Consequently, brownfield regeneration is a holistic, integrated thinking strategy that reflects the interconnection of physical, social, environmental, economic, and institutional dimensions. Moreover, it maintains the harmony and balance of the environmental ecosystem by improving the quality of environment, minimizing the use of greenfield land, and speeding up remediation of existent pollution (Luziani and Paramita, 2018). So, it is necessary to discuss regeneration within the sustainability theme to ensure the attainment and continued satisfaction of human needs for present and future generations in environmentally sensitive, economically viable, institutionally robust, and socially acceptable ways within a particular context (Frantal et al., 2013; Kurtovi?a et al., 2014; Bardos et al., 2016). These benefits could be the result of a well-defined framework and flexible policy on the development of brownfield sites in terms of management and rehabilitation. Keeping this in mind, brownfield sites are not considered a harmful issue that needs to be resolved; rather, they are seen as areas with huge potential and opportunities that can be achieved by bringing long-lasting life back to these sites themselves, their surroundings, and the local community.
Despite the success of brownfield regeneration at the global level, along with the spread of several abandoned sites in downtown Amman, about 100 hectares of abandoned sites are concentrated in old districts of the city, and most are in a dilapidated condition. Still, there have been limited efforts in mapping problems and identifying opportunities, as well as there is a lack of a clear policy that would regulate this kind of development. This is combined with insufficient supporting funds that can initiate a change toward redevelopment. The city center has transformed from a place bustling with life into a lifeless structure with no identity (Meaton and Alnsour, 2012; Yakhlef and Abed, 2019). Keeping this in mind, this research study aims to understand the paradox of brownfield sites in facilitating a framework proposal for rehabilitation strategies using a real-life project or scenarios for case study. We hope this study gets developed into a policy that encourages stakeholders to move toward implementation.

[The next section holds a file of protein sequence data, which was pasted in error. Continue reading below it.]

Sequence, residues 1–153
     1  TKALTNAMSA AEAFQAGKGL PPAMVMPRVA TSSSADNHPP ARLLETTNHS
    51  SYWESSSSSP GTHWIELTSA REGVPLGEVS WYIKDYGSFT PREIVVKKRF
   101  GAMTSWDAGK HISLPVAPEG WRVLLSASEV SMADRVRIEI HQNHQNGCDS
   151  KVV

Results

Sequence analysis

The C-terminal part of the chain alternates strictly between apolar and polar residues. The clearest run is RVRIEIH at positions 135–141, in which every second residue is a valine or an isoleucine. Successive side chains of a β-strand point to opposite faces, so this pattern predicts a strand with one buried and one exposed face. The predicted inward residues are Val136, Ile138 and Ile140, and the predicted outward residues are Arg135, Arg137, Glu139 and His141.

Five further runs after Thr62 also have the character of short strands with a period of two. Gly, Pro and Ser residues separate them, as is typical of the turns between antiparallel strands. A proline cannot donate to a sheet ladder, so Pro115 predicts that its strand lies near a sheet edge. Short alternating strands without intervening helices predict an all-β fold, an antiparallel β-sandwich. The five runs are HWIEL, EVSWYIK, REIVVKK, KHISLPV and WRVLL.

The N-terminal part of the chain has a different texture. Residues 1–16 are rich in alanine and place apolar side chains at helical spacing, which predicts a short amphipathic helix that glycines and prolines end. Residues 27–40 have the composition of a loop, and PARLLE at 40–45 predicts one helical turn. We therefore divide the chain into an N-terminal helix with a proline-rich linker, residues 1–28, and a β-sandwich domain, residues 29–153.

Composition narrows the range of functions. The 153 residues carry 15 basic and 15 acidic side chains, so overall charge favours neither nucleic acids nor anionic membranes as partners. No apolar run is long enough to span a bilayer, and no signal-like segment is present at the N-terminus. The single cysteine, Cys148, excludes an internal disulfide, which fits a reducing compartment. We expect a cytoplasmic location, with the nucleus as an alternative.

1.1. Brownfield Regeneration
The significance of brownfield regeneration is well understood and has been a key element of urban development. This can be seen through benefits in economic, social, environmental, and institutional dimensions, which are called the “pillars of sustainability.” The economic level includes: (1) being efficient and self-supporting; (2) providing employment opportunities; (3) promoting local economy; (4) encouraging attractive and functional landscapes; and (5) stimulating community prosperity. The social level involves: (1) encouraging social inclusion and cohesion; (2) promoting well-being; and (3) ensuring easy access to public facilities. The environmental level involves: (1) increasing the use of recycled resources; (2) protecting biodiversity and natural environment; (3) conserving natural and cultural heritage; and (4) combating climate change. Lastly, the institutional level covers: (1) planning processes for stakeholders at the local and regional levels; (2) encouraging citizen participation to bridge the gap between policy-makers and locals; and (3) being a mediator to achieve a balance between public and private interests (Doick et al., 2009; Atkinson et al., 2014; Kristianova et al., 2016; Woodhead, 2018). Such an approach can be seen as a practical problem-solving one, as it provides a balance between the four dimensions that seek to optimize the impact and benefits while preserving the potential of flexibility. Therefore, using sustainability as a guiding theme with brownfield regeneration would be a stepping stone to inclusive development.